Objectives: The purpose of this study was to evaluate the accuracy of electrocardiogram (ECG)-gated single-photon emission computed tomography (SPECT) for assessment of left ventricular (LV) end-diastolic volume (EDV), end-systolic volume (ESV) and ejection fraction (EF) compared with the gold standard of cardiac magnetic resonance imaging (MRI).
Background: Several comparisons of ECG-gated SPECT with cardiac MRI have been performed for evaluation of LV volumes and EF, but each has considered few subjects, thus leaving uncertainty about the frequency of discrepancies between the two methods.
Methods: We performed a meta-analysis of data on 164 subjects from nine studies comparing ECG-gated SPECT versus cardiac MRI. Data were pooled in correlation and regression analyses relating ECG-gated SPECT and cardiac MRI measurements. The frequency of discrepancies of at least 30 ml in EDV, 20 ml in ESV and 5% or 10% in EF and concordance for EF < or =40% versus >40% were determined.
Results: There was an overall excellent correlation between ECG-gated SPECT and cardiac MRI for EDV (r = 0.89), ESV (r = 0.92) and EF (r = 0.87). However, rates of discrepancies for individual subjects were considerable (37% [95% confidence interval [CI], 26% to 50%] for at least 30 ml in EDV; 35% [95% CI, 23% to 49%] for at least 20 ml in ESV; 52% [95% CI, 37% to 63%] for at least 5% in EF; and 23% [95% CI, 11% to 42%] for at least 10% in EF). The misclassification rate for the 40% EF cutoff was 11%.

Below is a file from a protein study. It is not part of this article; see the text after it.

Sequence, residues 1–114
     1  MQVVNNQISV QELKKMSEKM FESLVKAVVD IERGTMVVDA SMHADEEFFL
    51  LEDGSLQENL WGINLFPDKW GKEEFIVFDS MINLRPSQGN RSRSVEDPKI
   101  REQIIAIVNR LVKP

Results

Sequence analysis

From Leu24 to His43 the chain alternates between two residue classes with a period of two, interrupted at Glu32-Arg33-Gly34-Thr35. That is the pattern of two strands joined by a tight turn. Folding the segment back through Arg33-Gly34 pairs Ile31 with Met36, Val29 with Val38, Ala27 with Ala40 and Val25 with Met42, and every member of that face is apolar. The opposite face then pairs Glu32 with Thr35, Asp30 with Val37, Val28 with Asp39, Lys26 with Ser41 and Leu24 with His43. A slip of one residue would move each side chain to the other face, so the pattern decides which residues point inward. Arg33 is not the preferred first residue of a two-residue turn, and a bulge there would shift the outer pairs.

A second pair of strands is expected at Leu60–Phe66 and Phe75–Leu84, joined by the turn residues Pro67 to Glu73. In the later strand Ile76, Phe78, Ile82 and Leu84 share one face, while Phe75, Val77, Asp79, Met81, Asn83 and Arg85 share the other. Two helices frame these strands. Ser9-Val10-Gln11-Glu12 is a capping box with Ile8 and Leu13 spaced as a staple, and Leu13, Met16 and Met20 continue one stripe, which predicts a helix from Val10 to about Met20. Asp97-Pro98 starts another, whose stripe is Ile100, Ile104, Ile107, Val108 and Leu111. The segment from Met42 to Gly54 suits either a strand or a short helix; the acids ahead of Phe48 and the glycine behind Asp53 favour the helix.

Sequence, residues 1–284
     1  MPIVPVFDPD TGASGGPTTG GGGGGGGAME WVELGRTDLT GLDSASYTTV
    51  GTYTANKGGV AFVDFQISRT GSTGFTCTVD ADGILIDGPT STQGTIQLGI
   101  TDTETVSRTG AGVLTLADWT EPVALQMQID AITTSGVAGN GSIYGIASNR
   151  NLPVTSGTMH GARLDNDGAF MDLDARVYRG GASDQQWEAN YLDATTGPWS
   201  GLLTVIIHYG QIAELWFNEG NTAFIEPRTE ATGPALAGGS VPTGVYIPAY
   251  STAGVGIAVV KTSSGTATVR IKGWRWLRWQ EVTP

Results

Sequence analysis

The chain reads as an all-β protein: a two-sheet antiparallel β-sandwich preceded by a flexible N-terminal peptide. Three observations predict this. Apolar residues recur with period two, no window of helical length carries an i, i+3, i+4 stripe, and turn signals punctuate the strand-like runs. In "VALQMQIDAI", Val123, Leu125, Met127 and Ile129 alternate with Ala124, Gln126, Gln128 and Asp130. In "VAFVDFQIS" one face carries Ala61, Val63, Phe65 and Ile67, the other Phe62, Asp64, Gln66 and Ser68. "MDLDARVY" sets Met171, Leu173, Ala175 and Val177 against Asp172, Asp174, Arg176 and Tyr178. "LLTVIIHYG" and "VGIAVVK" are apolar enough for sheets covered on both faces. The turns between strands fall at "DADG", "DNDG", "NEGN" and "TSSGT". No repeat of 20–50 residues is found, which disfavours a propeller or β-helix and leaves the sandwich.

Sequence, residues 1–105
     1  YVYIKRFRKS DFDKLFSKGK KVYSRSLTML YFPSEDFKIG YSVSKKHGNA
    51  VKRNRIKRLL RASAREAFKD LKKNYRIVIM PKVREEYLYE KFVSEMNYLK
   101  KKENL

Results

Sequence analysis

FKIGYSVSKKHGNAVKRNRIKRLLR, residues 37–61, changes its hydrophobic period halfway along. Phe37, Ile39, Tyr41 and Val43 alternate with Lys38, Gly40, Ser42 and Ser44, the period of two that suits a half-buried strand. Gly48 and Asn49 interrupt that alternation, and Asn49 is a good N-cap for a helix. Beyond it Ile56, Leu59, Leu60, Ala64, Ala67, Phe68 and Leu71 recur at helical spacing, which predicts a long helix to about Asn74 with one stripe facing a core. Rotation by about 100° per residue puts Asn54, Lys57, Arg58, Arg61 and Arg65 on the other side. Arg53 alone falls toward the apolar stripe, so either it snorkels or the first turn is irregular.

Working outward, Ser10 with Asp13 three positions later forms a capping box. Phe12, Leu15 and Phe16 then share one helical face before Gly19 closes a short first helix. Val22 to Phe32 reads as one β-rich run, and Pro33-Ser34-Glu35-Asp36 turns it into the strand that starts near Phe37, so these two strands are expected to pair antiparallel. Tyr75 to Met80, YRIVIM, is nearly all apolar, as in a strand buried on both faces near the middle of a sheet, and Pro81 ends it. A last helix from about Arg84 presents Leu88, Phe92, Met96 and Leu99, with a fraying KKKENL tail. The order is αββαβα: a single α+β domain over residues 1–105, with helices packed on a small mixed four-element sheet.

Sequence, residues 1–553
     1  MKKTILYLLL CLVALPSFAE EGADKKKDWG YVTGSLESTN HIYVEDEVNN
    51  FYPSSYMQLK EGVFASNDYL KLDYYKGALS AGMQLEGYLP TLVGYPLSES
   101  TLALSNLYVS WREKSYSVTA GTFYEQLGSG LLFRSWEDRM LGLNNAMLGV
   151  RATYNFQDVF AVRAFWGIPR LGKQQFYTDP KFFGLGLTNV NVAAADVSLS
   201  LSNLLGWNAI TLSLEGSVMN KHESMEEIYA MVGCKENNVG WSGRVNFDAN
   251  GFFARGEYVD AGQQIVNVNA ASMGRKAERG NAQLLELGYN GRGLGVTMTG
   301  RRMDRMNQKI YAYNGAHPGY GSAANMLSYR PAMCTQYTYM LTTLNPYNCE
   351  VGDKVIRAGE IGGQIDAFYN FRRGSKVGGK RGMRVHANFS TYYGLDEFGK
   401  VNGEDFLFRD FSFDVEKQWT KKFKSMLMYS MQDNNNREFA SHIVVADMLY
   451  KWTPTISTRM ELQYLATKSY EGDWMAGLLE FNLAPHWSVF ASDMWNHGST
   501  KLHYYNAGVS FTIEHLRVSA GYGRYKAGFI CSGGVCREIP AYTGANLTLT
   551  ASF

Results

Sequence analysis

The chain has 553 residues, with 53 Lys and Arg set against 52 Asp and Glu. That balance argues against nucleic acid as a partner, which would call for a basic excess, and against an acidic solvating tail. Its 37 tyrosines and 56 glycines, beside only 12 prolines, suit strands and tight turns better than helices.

Conclusions: Electrocardiogram-gated SPECT measurements of EDV, ESV and EF show high correlation with cardiac MRI measurements, but substantial errors may occur in individual patients. Electrocardiogram-gated SPECT offers useful functional information, but cardiac MRI should be used when accurate measurement is required.